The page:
RFID Payment Ring Made from Dissolved Credit Card

RFID payment systems are one of those things that the community seems to be divided on. Some only see the technology as a potential security liability, and will go a far as to disable the RFID chip in their card so that it can’t be read by a would-be attacker. Others think the ease and convenience of paying for goods by tapping their card or smartphone on the register more than makes up for the relatively remote risk of RFID sniffers. Given the time and effort [David Sikes] put into creating this contactless payment ring, we think it’s pretty clear which camp he’s in.

Alright, so the whole ring making part sounds easy enough, but how does one get an RFID chip that’s linked to their account? Easy. Just call the bank and ask them for one. Of course, they won’t just send you out a little RFID chip and antenna to mount in your hacked up project. (If only things were so simple!) But they will send you a new card if you tell them your old one is getting worn out and needs a replacement. All you have to do when it gets there is liberate the electronics without damaging them.

[David] found that an hour or so in an acetone bath was enough to dissolve the plastic and expose the epoxy-encased RFID chip, assuming you scrape the outer layers of the card off first. He notes that you can speed this part of the process up considerably if you know the exact placement and size of the RFID chip; that way you can cut out just the area you’re interested in rather than having to liquefy the whole card.

Once you have your chip, you just need to mount it into a ring. [David] has designed a 3D printable frame (if you’ve got a high-resolution SLA machine, that is) which accepts the chip and a new antenna made from a coil of 38 AWG magnet wire. With the components settled into the printed frame, its off to a silicone mold and the liberal application of epoxy resin to encapsulate the whole thing in a durable shell.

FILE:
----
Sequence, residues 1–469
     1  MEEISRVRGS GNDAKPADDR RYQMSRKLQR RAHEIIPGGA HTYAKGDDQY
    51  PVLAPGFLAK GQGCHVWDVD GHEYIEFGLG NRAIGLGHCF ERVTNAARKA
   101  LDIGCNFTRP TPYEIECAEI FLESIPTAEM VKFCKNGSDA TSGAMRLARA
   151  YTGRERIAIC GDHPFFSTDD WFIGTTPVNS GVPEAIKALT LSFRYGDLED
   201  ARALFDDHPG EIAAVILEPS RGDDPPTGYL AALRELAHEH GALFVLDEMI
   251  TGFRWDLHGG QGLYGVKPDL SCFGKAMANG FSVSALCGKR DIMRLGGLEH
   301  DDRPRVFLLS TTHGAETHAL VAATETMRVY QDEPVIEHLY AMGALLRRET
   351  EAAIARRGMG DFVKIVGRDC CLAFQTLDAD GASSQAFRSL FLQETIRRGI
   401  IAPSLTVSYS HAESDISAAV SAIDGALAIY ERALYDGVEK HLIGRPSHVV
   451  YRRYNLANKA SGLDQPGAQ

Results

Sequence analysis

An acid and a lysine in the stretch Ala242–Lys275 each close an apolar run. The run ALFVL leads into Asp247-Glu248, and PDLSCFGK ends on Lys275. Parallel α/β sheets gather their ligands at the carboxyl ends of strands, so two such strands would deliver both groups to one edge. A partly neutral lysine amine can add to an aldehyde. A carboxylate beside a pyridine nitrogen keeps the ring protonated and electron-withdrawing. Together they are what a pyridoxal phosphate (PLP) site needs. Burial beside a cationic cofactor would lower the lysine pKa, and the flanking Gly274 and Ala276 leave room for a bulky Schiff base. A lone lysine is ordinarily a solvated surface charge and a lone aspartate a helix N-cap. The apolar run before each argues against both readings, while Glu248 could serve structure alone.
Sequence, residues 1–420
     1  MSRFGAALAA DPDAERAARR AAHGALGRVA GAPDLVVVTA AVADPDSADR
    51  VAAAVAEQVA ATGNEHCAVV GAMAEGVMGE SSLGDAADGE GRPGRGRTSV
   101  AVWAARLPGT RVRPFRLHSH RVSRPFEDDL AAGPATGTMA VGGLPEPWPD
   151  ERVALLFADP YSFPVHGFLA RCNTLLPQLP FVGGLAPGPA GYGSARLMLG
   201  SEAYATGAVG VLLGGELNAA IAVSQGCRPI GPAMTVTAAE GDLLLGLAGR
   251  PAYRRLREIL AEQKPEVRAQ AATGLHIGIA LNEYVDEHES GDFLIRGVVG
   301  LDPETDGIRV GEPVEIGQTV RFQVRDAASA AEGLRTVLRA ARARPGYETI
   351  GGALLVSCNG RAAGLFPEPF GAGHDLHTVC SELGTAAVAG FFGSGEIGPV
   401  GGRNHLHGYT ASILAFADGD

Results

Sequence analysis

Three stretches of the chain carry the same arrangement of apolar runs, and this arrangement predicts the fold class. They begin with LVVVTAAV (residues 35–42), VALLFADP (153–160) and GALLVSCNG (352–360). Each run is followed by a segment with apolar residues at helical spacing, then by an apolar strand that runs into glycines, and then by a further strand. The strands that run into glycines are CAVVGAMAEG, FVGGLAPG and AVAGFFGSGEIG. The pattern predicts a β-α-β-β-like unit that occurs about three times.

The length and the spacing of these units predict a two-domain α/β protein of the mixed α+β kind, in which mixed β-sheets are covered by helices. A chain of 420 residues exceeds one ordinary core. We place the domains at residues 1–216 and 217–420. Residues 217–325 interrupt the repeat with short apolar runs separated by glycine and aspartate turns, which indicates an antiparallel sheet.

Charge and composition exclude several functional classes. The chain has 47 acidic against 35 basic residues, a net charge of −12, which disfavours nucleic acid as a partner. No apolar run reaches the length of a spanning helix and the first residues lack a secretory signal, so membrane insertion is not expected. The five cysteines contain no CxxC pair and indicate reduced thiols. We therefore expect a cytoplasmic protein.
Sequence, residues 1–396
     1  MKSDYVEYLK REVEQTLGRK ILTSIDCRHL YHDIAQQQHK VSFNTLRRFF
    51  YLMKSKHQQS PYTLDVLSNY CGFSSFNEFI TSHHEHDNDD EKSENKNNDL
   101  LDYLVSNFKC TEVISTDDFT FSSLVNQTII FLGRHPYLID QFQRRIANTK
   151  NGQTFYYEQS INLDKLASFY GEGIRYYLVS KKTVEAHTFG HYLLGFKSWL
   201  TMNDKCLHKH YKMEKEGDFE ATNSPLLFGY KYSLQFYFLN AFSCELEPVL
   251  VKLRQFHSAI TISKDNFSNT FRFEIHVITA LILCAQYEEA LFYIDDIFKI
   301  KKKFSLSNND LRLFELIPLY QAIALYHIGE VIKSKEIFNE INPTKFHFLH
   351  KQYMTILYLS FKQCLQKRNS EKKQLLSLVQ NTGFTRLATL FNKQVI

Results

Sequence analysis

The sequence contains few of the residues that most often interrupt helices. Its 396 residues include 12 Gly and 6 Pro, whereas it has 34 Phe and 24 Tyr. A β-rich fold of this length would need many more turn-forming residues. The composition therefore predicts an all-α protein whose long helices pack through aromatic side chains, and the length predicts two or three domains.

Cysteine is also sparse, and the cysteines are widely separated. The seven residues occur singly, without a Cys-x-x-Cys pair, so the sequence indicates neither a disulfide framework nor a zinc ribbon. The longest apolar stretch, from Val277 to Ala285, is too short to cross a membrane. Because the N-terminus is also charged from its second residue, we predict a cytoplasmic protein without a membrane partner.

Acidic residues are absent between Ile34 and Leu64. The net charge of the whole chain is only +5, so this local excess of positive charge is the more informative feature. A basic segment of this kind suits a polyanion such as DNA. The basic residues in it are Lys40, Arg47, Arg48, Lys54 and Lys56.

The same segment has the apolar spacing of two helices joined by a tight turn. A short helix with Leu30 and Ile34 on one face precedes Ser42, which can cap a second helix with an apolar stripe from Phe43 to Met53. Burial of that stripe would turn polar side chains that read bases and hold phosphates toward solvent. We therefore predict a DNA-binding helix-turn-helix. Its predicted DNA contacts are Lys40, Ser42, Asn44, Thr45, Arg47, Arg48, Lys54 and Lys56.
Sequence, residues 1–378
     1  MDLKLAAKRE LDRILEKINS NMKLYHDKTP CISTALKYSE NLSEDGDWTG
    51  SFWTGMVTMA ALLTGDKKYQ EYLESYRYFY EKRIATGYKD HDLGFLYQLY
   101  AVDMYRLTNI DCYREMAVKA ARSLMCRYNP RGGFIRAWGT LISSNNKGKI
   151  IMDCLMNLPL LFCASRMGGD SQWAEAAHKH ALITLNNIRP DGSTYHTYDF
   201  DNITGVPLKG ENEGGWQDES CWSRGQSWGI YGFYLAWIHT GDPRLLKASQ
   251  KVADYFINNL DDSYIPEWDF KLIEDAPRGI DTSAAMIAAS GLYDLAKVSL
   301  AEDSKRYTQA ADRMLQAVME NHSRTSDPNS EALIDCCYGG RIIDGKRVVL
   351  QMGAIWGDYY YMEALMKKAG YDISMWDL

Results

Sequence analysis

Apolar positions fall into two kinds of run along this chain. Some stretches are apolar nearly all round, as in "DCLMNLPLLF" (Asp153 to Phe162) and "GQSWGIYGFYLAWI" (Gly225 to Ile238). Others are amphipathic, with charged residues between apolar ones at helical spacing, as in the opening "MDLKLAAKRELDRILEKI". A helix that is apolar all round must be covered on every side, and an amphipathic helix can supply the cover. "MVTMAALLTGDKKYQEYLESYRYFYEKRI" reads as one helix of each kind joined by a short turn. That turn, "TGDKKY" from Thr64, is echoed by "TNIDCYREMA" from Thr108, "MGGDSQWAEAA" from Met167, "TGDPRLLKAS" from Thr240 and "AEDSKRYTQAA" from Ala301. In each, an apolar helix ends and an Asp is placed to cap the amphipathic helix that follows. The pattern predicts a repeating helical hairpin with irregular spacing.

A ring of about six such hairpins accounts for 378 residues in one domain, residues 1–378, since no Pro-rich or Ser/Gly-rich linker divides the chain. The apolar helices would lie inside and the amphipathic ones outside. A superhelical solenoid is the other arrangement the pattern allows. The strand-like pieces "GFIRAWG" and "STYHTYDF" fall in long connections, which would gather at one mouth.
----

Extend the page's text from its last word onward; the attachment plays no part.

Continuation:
If a ring is not personal enough for you, then the next step is getting the RFID chip implanted directly into your hand. There are even folks at hacker cons who will do that sort of thing for you, if you’re squeamish.

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Stepper Motor Mods Improve CNC Flat Coil Winder

Finding just the right off-the-shelf part to complete a project is a satisfying experience – buy it, bolt it on, get on with business. Things don’t always work out so easily, though, which often requires the even more satisfying experience of modifying an existing part to do the job. Modifying a stepper motor by drilling a hole down its shaft probably qualifies for the satisfying mod of the year award.

That’s what [Russ] did to make needed improvements to his CNC flat-coil winder, which uses a modified delta-style 3D-printer to roll fine magnet wire out onto adhesive paper to form beautiful coils of various sizes and shapes. [Russ] has been tweaking his design since we featured it and coming up with better and better coils. While experimenting, the passive roller at the business end proved to be a liability. The problem was that the contact point lagged behind the center axis of the delta, leading to problems with the G-code. [Russ] figured that a new tool with the contact point at the dead center would help. The downside would be having to actively swivel the tool in concert with the X- and Y-axis movements. The video below shows his mods, which include disassembling the NEMA-17 stepper and drilling out the shaft to pass the coil wire. [Russ] also spent some time reversing the rotor in the frame and provided a small preload spring to keep the coil roller in contact with the paper.